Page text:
Chapter

New Rule over Old Structures: Egypt after the Muslim Conquest

Petra M. Sijpesteijn

in Regime Change in the Ancient Near East and Egypt

Published by British Academy

Published in print April 2007 | ISBN: 9780197263907
Published online February 2012 | e-ISBN: 9780191734687 | DOI: http://dx.doi.org/10.5871/bacad/9780197263907.003.0011

Series: Proceedings of the British Academy

New Rule over Old Structures: Egypt after the Muslim Conquest

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This chapter examines the administrative changes in Egypt after the Muslim conquest. It explains that the conquest of Egypt by the Arab armies in 642 CE brought a new religious, linguistic, and administrative rule to this rich and important Byzantine province. However, this transformation was gradual and the arrival of the Arabs had little impact on the daily lives of the Egyptians. The Arab conquest did not result in mass confiscations of land in Egypt and there was no programme of land rewards for the conquering elite. This chapter suggests that both administrative continuity and change were part of the Muslim plan for Egypt after the conquest but it was not a formal plan but rather a pragmatic response to the challenges the conquerors encountered.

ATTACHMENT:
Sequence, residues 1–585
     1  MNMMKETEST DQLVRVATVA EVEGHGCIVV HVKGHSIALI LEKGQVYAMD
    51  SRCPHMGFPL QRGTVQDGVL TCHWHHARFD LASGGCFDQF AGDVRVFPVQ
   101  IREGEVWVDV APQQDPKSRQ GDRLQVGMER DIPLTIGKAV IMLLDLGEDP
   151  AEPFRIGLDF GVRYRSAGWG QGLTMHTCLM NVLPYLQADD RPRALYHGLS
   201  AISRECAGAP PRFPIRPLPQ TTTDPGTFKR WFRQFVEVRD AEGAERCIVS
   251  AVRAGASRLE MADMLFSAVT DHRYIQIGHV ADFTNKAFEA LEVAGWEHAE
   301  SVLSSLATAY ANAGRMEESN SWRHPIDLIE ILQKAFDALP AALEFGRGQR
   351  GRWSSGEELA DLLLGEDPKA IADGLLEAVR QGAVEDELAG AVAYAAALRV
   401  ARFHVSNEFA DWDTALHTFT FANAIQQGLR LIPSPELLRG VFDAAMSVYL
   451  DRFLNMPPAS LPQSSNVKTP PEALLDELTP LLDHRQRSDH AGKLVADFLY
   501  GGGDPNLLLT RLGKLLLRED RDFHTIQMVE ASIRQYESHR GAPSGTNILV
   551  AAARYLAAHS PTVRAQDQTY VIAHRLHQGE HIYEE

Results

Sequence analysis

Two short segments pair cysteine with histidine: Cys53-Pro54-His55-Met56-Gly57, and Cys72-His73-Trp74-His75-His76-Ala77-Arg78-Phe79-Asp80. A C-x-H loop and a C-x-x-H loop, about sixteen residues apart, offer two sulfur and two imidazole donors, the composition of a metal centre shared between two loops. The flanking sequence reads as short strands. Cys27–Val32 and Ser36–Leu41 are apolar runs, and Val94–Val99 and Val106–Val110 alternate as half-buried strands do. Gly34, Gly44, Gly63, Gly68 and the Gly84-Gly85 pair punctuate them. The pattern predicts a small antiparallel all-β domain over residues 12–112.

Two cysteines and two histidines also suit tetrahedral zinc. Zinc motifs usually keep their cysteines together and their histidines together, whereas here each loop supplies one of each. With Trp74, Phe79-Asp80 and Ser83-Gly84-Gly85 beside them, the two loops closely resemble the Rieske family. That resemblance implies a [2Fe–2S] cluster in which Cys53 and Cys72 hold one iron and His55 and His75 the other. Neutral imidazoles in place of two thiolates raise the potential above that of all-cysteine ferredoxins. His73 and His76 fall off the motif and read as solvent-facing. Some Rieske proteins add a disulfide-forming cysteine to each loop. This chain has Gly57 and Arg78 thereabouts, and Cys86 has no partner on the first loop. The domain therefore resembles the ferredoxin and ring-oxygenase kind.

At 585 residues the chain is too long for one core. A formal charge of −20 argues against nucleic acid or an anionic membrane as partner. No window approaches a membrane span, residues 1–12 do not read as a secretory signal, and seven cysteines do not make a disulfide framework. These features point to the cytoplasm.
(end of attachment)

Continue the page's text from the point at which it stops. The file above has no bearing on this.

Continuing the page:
Keywords: Egypt; Muslim conquest; administrative changes; Byzantine province; land rewards; administrative continuity

Chapter.  8689 words. 

Subjects: Classical History

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